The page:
Lavender and steel blue seem to be the best seed producers and I am quite sure that blue pollen is more productive of fertility in doubles than yellow, which continues to give about 25% seeding plants. This may be due to the contracted throat which seems to accompany this pollen.

Of volunteers which appear each season the doubles predominate. I have never found one with other than blue pollen.

The small pointed capsule of the containing about 250 seeds has developed with the flower, one capsule often producing as many as 450 seeds. The dehiscence in singles is in twos but in these doubles it is often in threes and fours.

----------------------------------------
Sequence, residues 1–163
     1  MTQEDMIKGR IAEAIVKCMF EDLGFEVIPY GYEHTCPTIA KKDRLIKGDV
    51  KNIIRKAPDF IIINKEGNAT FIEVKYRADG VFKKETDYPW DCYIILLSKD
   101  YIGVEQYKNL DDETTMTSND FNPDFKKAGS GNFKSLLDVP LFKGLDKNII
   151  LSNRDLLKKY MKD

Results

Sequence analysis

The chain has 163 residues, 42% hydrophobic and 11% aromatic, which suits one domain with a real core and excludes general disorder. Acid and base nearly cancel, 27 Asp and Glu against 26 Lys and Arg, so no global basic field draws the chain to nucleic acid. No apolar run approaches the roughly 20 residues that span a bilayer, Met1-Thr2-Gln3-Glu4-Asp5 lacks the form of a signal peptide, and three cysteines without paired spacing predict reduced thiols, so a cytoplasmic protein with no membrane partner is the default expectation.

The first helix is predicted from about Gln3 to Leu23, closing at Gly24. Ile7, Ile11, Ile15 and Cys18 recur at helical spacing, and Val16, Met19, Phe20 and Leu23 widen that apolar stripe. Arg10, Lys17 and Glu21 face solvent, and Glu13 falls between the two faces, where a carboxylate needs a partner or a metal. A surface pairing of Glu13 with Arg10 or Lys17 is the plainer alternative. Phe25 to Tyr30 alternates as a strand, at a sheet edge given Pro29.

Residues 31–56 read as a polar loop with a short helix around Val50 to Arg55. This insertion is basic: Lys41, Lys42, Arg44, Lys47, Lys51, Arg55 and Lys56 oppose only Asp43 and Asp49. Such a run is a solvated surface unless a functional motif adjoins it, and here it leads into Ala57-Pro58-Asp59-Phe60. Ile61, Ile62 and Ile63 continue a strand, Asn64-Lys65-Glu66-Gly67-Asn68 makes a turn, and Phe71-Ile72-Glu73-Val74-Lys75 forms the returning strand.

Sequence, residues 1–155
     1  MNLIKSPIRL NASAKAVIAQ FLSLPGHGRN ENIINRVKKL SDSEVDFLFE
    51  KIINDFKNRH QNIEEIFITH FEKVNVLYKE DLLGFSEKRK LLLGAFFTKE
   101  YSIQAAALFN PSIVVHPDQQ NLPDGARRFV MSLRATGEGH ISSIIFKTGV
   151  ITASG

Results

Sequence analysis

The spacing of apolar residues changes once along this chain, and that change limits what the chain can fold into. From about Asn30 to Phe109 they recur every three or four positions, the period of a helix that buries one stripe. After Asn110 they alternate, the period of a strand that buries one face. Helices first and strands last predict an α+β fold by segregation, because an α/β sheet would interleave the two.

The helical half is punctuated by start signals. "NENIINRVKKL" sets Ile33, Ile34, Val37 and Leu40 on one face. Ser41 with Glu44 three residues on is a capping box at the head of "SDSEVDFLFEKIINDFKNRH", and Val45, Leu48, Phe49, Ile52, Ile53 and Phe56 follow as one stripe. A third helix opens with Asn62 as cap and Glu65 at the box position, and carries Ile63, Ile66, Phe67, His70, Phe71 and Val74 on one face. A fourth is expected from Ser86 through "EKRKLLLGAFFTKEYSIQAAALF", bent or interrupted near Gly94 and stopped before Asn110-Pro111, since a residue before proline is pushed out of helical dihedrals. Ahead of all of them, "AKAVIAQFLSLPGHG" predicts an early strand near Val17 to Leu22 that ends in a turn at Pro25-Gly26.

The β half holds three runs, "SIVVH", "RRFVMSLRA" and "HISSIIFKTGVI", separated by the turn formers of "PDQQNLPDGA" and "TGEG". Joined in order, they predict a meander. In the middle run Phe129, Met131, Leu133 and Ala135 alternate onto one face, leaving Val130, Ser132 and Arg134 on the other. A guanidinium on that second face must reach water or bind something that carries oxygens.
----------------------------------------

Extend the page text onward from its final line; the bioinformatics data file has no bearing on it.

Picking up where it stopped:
In conclusion I quote from De Vries' Species and Varieties: "Hays has repeatedly insisted upon the principle of the choice of the most favorable variety for the experiments in improving races. He asserts that half the battle is won in choosing the variety which is to serve as a foundation stock, while the other half depends upon the selection of parent plants within that variety." I blindly striving to realize my ideal unconsciously chose the most favorable variety and the right parents in that variety for what I desired to produce, and if the entire stock of these strains should be lost, with my present knowledge I could consciously choose the right variety and the right seed parents in that variety and other strains of seed producing double petunias could be developed.